My mama warned me against this: "It's not your job to judge her, you are not DOJ," was what she told me when I would fume over my breakfast over Janet Lim - Napoles. If you're a Filipino taxpayer and still do not know who she is, or care what she has done, well, it is time to start caring.

Of course, my mother is right and I'm thankful that I have someone to remind me that it's never my place to judge. But everyday, even now that there's a typhoon ravaging the metro, we get news about all this woman's, and the solons allegedly benefitting from the pork barrel and well, I can't wrap my head around the idea that someone could want so much. That someone had to have 30 cars, despite having only four immediate family members and businesses which haven't been explained.

Maybe because I have no dependents, is maybe why I'm saying this. Or because as the Embassy of the USA always tell me: you have no reason to come home to in the Philippines {which is wrong, with all due respect}, or maybe because I am just a common Filipino who goes through everyday life, working, having fun every now and then with friends and watches a movie if something is worth watching. I'm guilty of having a few branded stuff and sometimes, it matters to me that where I'm going is of good quality {of course, if I can afford it}. I've let go of my car and I've given away many of my clothes, shoes and bags. My furniture are -- not even worth mentioning, really. I'm happy to get to travel someplace a few times in a year. Many times, the things I want are not material things and can't be bought by money. There are times when I would be truly guilty of blogging / Instagramming material things --- shopping, after all, is a widely-known advocacy of women. But I've come to a point where money ceased to become an issue because I know how much I need, what I need --- and it's really not so much. I have enough.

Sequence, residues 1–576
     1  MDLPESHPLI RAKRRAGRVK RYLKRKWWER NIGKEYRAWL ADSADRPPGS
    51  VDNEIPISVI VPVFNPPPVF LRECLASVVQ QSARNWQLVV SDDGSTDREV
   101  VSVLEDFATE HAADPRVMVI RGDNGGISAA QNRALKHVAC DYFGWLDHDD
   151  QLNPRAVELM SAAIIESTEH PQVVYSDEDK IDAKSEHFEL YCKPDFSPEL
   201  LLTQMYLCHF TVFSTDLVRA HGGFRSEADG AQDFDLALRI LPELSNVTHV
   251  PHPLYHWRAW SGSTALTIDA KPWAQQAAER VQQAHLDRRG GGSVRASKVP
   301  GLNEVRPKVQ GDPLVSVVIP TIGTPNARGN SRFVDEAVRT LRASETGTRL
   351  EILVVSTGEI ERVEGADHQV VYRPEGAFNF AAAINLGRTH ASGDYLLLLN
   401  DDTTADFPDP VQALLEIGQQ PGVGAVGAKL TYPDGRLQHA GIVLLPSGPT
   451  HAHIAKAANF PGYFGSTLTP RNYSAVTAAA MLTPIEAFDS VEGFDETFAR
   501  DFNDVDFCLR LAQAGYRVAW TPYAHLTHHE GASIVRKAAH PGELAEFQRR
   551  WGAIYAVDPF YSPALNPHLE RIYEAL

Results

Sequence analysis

But returning to the country was really an eye opener and seeing hardworking Filipinos smile through labor-intensive jobs was enough to feel stabs in the chest. It's heartbreaking to watch that elevator girl video, who was a happy employee through and through, millions of people wading through floods --- because one woman and a number of lawmakers let greed get the best of them. I am sad for the Filipino who has to downplay his dreams to adjust to the way of life his government has dictated upon him. My heart breaks for the Filipino who has to resort to going to noon time game shows in an effort to alleviate his family from poverty. It disgusts me that this elected senators, whom most votes come from the masses, are bent on keeping the masses in the dark. What is with money that people in power are so attracted to it? To clarify, there's nothing wrong in being rich and wanting good stuff. If you can explain where you got it, as well as have paid your dues, it's nobody's business. But if you're spending the country's money, well --

Between ill-gotten wealth and clean {both meaning minimal and legit}, I'd choose the latter. I am after the uninterrupted, peaceful sleep in the end.

At the end of the day, isn't that we all want? 
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